There was Techpacific itself, a group of Hong Kong investment bankers not previously known for their tech prowess. They were going to change the world, and I guess they did for about 100 of their close colleagues and associates who were convinced to part with $80 million for a business that redefines the term business -- that is, that there's not much of it going on. isn't going to make serious money anytime soon. It went public on the Hong Kong bourse day the tech wreck gathered pace. And that was its best day.

And of course, there's Richard Li. Enough said.

For a while there, while these guys were rampant, the most dangerous place in Asia wasn't East Timor or Aceh, but the space between them and a microphone or a reporter's notebook. Like their counterparts in the U.S, from whom they took publicity pointers, they thrived on first-mover advantage of a peculiarly Asian kind -- first to get their name in the paper. The media has learnt now not to swallow the errant nonsense that Asia's Net lords were spouting.

Still, the message that hype doesn't sell hasn't entirely sunk in for some people. For a good example that suggests some are still reading last year's copies of Fast Company instead of today's Asian Wall Street Journal, log onto's "About Us" page. If you leave aside the sloppy spelling, grammar and cliches, we learn that the chairman has "gone plural," that the COO is responsible for developing a corporate "ecosystem" and that half the staff seem to celebrate their geekiness. Oh, and Jon Hakim built the Asian Net.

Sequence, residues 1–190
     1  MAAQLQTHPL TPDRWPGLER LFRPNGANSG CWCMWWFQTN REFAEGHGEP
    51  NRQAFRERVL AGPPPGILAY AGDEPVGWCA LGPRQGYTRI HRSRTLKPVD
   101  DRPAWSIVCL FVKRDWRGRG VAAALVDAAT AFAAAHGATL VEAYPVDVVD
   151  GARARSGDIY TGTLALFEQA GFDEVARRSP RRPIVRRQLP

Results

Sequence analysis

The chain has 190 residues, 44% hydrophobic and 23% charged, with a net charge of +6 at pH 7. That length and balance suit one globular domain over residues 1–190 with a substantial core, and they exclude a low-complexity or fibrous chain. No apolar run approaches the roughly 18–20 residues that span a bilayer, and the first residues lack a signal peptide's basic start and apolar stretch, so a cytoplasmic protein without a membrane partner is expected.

There's not much in there about how the company will make money. And's share price is still falling. The company's best hope might seem to be to employ some of the investment banking skills of its principals. There are plenty of companies out there in Asian Net land that went public during the price boom, raised lots of cash, but are now trading well below their basic cash value. That's an opportunity for vulture capitalists, not venture capitalists. So while Techpacific and companies like it are redesigning their business plans, they also might want to redesign their website as well. Hype doesn't sell. Results do.

Ticked off at Asia Buzz? Turned on? Talk back to TIME
Write to TIME at
Search for recent Asia Buzz

TIME Asia home



U.S. secretary of state says China should be 'tolerant'

Philippine government denies Estrada's claim to presidency

Faith, madness, magic mix at sacred Hindu festival

Land mine explosion kills 11 Sri Lankan soldiers

Japan claims StarLink found in U.S. corn sample

Thai party announces first coalition partner


COVER: President Joseph Estrada gives in to the chanting crowds on the streets of Manila and agrees to make room for his Vice President

THAILAND: Twin teenage warriors turn themselves in to Bangkok officials

CHINA: Despite official vilification, hip Chinese dig Lamaist culture

PHOTO ESSAY: Estrada Calls Snap Election

WEB-ONLY INTERVIEW: Jimmy Lai on feeling lucky -- and why he's committed to the island state


COVER: The DoCoMo generation - Japan's leading mobile phone company goes global

Bandwidth Boom: Racing to wire - how underseas cable systems may yet fall short

TAIWAN: Party intrigues add to Chen Shui-bian's woes

JAPAN: Japan's ruling party crushes a rebel at a cost

SINGAPORE: Singaporeans need to have more babies. But success breeds selfishness

Launch CNN's Desktop Ticker and get the latest news, delivered right on your desktop!

Today on CNN


Back to the top   © 2000 Time Inc. All Rights Reserved.
Terms under which this service is provided to you.
Read our privacy guidelines.